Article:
Scalia to Fox? Wednesday, Jul 1 2015 

“The opinion is couched in a style that is as pretentious as its content is egoistic. Of course, the opinion’s showy profundities are often profoundly incoherent.”

–Justice Antonin Scalia attacking fellow Justice Anthony Kennedy in his dissent in the case of Obergefell v. Hodges.

Paging Roger Ailes! Read the above and the rest of Scalia’s dissenting opinion and tell me if that’s not the perfect tone to fill a spot on Fox’s schedule. Surely, with Sarah Palin and Mike Huckabee now off your payroll, there’s an opening for an abrasive Supreme Court justice temperamentally suited to satisfy the red-meat appetite of Fox’s primetime audience.

Like Bill O’Reilly, Antonin Scalia also meets the first requirement of a celebrity arbiter in today’s political environment. Seated at a table with Albert Einstein, Stephen Hawking, Copernicus and Voltaire, he’d still think he was the smartest guy in the room. And more: Scalia also has that special gift of the best in Fox political analysts, the inability to disagree without being disagreeable.

Think of this as well: It’s one thing for an intellectual nincompoop like Palin, who’s never heard of, much less read, the Federalist papers, to mouth the cheap demagogic line that Supreme Court decisions are “undemocratic” because they’re rendered by “unelected lawyers”; but for a bona fide Justice who claims to channel the Original intent of the Founders to make that argument, as Scalia does, is something you’re not going to get out of any washed-up candidate for the Republican presidential nomination. Like, say, Scalia’s soulmate in demagogic trash talk, Donald Trump.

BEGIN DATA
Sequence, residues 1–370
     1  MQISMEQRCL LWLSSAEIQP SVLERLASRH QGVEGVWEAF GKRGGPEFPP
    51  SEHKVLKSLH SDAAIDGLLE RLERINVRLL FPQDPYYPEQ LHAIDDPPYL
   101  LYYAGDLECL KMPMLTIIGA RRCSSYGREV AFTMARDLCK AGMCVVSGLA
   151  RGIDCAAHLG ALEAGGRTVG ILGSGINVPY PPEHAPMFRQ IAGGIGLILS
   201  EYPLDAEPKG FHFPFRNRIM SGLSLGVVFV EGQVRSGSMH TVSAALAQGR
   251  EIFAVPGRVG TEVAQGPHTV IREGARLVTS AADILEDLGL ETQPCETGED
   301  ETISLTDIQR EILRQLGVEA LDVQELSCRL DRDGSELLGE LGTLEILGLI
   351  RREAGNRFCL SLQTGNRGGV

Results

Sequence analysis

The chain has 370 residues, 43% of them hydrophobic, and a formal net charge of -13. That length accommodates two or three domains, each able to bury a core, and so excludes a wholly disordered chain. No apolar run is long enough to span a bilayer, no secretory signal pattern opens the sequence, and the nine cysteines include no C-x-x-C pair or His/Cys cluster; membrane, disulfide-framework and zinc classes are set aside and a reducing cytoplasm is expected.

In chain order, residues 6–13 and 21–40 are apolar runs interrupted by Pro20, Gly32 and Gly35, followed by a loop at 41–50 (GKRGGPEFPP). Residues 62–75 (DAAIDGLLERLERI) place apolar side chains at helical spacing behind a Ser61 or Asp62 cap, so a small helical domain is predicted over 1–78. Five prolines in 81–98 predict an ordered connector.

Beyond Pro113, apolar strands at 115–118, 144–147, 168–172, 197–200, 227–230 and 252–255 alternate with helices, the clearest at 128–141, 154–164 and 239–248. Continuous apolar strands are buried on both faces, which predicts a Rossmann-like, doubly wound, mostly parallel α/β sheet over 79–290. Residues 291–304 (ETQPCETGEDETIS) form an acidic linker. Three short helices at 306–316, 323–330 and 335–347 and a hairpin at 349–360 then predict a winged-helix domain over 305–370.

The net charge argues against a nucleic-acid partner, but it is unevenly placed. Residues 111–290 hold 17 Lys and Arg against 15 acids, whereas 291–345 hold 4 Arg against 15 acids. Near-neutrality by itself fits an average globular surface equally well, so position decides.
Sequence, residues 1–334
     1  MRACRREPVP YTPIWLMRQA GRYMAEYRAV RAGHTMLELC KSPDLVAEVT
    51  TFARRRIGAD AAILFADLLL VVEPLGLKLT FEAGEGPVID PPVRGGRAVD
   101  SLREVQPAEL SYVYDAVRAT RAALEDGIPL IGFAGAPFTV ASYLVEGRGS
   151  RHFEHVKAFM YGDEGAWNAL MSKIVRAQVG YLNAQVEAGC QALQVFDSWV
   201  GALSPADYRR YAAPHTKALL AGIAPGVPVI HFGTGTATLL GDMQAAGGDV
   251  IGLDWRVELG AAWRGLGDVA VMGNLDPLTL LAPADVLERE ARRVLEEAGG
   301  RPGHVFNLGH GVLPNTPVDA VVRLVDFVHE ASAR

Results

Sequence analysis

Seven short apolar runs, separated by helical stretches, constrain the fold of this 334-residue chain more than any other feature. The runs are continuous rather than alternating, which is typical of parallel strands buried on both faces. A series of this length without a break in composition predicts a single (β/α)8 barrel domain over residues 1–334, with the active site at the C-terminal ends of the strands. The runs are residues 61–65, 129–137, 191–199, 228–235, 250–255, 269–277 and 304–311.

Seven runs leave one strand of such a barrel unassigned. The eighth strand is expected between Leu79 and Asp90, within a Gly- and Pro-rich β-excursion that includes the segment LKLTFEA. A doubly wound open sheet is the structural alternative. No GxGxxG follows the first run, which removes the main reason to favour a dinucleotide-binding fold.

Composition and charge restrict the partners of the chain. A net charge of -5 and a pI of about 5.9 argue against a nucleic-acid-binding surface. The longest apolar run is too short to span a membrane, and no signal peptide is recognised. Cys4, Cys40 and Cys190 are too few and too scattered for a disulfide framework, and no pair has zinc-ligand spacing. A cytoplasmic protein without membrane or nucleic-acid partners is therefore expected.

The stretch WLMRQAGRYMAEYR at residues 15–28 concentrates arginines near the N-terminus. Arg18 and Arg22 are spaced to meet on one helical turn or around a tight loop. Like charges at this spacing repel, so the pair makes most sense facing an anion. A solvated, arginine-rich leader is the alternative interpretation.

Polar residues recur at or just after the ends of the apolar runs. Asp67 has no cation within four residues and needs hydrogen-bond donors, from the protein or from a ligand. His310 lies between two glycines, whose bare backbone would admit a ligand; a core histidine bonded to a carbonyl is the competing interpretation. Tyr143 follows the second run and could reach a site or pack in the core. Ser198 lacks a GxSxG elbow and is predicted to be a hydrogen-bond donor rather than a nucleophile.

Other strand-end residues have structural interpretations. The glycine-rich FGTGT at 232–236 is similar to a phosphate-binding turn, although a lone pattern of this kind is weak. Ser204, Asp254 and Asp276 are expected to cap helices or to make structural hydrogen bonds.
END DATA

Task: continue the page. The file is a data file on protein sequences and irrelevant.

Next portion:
Am I getting personal here, arguing ad hominem? Good. It fits the subject. What’s more, as Scalia’s erstwhile hunting partner Dick Cheney once said after insulting a U.S. senator, I feel better for having done it.

Sound bite to remember

“Any man who tells you he starts off each morning with a cold shower will lie about other things.”

         –Dwight Eisenhower, commenting on a news report about his presidential campaign opponent Adlai Stevenson, 1952

The Tea Party Justice Tuesday, Dec 7 2010 

Who would have guessed Antonin Scalia was a Tea Partier? In a recent appearance at Texas Tech University, Scalia threw his considerable weight behind a pet Tea Party project, repeal of the 17th amendment to the U.S. Constitution.

That, in case you don’t have your Glenn Beck-autographed copy of the Constitution nearby, is the amendment providing that U.S. Senators be elected by popular vote rather than selected by state legislatures.

Passage of the 17th amendment in 1913, argues the irrepressible Scalia, was a “progressive” abomination that brought on “the decline of so-called states’ rights throughout the rest of the 20th century.”

Which is to say that allowing voters of a state to choose their senators directly, at the polls, was the first step leading to the expansion of centralized federal power at the expense of the individual states.

Quite a stretch, if you ask me, but who am I to cross juridical swords with the godfather of constitutional originalism? Irrepressible he may be, but give Scalia credit for coming up with an original idea for cutting the cost of U.S. Senate races: The going rate for buying votes in state legislatures – the way U.S. Senators were sent to Washington before 1913 – is a helluva lot cheaper than campaigning for popular support. Just think how many millions Meg Whitman might have saved.